Four Strategies to Mitigate the Disruption of COVID-19
By Hisham Farouk, Grant Thornton UAE
Fortunately, our understanding of how to address the challenges of COVID-19 is improving every day. Our medical and scientific communities are learning and adopting new strategies to deal with this global crisis, as are the world’s policymakers. To address the climate of uncertainty, universal stimulus initiatives and cuts in interest rates, such as the ones instituted by the Bank of England and the US Federal Reserve during the first two weeks of March, bring the American cost of borrowing down to its lowest level in 50 years. However, given the unknowns driving the current situation, and unfortunately in some cases, panic, I think now is the time for family businesses in the MENA to take precautionary measures. It’s time to act swiftly and prepare for the worst-case scenario. I’m not suggesting that businesses need to act on these contingency plans, but they should absolutely have them prepared.
Family business leaders can start by updating their continuity procedures to reflect the reality of office shutdowns and remote work; investigate how these measures might impact costs and timelines. I believe budgets should be reassessed and redeveloped with a worst-case scenario in mind. We’ve already seen the first wave of industries, including aviation, logistics and hospitality, momentarily crippled by the COVID-19 pandemic. Those in other industries should take note and prepare, not panic. I believe cash flow and working capital are critical right now, but regardless of the balance sheet, sustainability may hinge on having a budget that works no matter what. Again, I’m not suggesting businesses hit the big red button and immediately change direction, but they need to be mentally, emotionally and fiscally prepared for whatever comes next.
To begin with, I see a few options to help family businesses mitigate revenue loss and supply chain disruption right now:
Invest in infrastructure to enable remote working.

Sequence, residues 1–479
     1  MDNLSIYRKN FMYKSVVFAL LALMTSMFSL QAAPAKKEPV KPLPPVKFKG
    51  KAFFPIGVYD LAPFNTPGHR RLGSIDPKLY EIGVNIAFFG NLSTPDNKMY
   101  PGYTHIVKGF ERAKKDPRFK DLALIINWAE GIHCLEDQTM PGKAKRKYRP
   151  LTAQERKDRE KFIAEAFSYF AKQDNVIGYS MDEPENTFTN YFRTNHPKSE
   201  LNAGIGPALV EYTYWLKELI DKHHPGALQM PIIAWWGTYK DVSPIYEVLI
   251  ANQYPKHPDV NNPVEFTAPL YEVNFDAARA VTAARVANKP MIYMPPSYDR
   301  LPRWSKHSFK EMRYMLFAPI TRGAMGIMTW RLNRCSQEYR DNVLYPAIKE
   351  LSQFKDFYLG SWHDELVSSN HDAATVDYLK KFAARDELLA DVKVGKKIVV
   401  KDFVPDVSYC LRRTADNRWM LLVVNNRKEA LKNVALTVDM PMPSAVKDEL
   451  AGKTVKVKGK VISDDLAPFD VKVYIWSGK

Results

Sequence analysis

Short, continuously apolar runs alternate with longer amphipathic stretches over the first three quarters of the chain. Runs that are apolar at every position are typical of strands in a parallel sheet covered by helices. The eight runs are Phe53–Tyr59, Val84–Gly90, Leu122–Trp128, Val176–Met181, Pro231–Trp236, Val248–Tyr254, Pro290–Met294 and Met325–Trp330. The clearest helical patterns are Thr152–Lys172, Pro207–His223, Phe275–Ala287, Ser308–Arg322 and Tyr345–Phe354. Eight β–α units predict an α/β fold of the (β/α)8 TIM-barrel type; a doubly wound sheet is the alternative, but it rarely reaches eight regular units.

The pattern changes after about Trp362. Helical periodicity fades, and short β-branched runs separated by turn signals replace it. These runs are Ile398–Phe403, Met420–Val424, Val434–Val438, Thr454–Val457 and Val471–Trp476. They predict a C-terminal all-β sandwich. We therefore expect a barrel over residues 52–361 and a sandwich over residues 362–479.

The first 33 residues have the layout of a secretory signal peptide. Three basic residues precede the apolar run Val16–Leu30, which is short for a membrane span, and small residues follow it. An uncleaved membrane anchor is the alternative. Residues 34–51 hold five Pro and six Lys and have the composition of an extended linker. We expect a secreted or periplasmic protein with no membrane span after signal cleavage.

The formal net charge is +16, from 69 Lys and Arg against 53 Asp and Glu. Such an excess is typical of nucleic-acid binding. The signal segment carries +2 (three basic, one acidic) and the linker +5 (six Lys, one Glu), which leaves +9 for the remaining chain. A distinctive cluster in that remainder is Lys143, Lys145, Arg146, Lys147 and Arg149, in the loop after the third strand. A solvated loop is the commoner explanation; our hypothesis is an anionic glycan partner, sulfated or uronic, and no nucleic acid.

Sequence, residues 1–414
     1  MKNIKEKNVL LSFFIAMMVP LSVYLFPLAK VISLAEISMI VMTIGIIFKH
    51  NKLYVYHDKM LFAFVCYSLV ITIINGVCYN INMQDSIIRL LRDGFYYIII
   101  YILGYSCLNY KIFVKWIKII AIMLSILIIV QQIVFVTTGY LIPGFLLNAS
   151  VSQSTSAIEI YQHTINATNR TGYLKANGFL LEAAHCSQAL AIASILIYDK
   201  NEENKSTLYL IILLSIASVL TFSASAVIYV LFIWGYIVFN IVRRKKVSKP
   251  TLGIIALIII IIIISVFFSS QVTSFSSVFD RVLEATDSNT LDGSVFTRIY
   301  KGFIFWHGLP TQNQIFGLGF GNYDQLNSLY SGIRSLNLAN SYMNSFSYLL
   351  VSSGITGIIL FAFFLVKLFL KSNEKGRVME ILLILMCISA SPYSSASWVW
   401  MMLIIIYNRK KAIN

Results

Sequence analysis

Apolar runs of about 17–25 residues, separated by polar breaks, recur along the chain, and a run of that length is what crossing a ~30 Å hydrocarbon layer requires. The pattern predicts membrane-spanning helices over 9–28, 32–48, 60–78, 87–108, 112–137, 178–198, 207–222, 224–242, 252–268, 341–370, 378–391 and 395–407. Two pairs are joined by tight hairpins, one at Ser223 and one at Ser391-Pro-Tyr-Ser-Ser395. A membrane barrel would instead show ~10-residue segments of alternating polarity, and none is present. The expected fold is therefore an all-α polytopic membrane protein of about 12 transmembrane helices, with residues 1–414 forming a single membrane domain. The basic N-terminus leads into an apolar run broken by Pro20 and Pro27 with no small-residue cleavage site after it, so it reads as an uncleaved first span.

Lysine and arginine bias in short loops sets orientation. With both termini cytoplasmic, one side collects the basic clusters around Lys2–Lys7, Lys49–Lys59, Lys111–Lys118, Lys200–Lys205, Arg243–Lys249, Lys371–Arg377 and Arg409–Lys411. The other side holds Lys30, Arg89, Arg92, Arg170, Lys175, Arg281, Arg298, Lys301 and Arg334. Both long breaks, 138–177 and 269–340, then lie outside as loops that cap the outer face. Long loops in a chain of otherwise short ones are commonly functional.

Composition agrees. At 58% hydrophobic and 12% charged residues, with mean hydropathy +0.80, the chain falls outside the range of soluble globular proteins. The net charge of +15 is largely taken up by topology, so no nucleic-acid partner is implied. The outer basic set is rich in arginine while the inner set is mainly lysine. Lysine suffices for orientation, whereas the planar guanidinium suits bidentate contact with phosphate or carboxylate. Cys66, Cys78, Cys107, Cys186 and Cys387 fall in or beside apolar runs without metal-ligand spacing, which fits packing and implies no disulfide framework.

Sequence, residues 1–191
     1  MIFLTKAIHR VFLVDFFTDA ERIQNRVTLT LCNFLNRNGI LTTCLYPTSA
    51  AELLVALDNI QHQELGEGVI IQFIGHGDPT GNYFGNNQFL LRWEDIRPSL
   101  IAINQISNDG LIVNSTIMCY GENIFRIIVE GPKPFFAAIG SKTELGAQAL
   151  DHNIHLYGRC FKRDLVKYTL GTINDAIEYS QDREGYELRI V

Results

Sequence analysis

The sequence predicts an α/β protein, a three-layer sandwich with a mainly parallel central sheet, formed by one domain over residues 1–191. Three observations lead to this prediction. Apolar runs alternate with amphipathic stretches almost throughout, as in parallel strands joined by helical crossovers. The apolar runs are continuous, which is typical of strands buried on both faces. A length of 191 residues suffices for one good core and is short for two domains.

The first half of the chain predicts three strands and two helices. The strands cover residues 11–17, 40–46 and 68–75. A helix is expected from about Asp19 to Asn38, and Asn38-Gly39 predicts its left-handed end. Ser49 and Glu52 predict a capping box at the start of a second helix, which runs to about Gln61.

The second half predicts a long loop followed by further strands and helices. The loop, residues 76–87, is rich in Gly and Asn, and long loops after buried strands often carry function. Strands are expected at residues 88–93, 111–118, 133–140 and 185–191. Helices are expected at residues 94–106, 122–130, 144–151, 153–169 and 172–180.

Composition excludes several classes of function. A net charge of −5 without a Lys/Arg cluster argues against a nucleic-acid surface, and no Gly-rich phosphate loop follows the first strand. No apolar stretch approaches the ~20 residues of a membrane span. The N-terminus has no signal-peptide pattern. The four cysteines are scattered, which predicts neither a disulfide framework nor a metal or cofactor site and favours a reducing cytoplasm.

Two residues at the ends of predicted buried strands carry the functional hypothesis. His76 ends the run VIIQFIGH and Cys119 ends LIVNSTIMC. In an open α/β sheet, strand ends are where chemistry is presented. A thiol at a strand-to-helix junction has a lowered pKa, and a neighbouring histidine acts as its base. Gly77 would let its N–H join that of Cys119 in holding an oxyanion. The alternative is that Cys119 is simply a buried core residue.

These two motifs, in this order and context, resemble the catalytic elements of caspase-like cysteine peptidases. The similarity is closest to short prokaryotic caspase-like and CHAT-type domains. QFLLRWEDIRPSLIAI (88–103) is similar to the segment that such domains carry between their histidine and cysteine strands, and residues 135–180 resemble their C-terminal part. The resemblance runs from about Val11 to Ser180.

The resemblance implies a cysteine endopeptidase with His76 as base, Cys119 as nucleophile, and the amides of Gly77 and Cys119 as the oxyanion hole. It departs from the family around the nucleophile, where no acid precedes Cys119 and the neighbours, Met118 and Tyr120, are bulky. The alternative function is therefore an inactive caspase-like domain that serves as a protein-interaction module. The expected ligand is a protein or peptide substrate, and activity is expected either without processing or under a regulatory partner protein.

We are seeing the importance of agility firsthand. Businesses must keep working to maintain productivity, and many still are. Google’s entire North American workforce, more than 100,000 employees, are currently working from home. Regardless, remote work settings are becoming more prevalent every year.
A framework that facilitates working remotely with obvious considerations given to server access and security will stay relevant long into the future.
Consider market demand while evaluating supply chain.
Take a look at how a slowdown in orders can lead to transparent discussions with customers. I think one of the most interesting things about this outbreak is that it’s a truly global phenomenon. Whether suppliers are located in China or Germany or even the Middle East, what’s happening is impacting everyone. There are many examples to learn from, and just as many creative options for businesses when it comes to developing contingencies.
Dive deep and be honest.
Businesses can be reluctant to audit their internal structures and cost models. Now is the perfect time to ask the difficult questions and be prepared to act on the answers.
If the worst-case-scenario becomes a reality, due diligence could be the only deciding factor between success and failure.
If it doesn’t happen, businesses will still gain actionable insight and potentially save money down the road.
Businesses should imagine their model against various scenarios and see what ends up happening. Not only can discoveries from this exercise inform decisions when it’s business-as-usual again, but they’ll also proof the business for the next big challenge.
Regardless, whatever direction the business takes must be examined through the lens of social responsibility. People are still the priority. Businesses are created for people, and not the other way around. It’s easy to say and harder to do, of course, but we mustn’t forget the remarkable situations where companies stood by their teams through a crisis and came out the other side with an unmatched competitive advantage. Organisations that support their staff and are willing to invest in their wellbeing do more to ensure their future than anything else.
Hisham Farouk is the CEO of Grant Thornton UAE; he has over 20 years of experience leading high-profile advisory engagements for some of the largest groups in the region. Hisham is a member of the Board of Governors for Grant Thornton, driving the strategic direction of the brand globally as well as in the Middle East.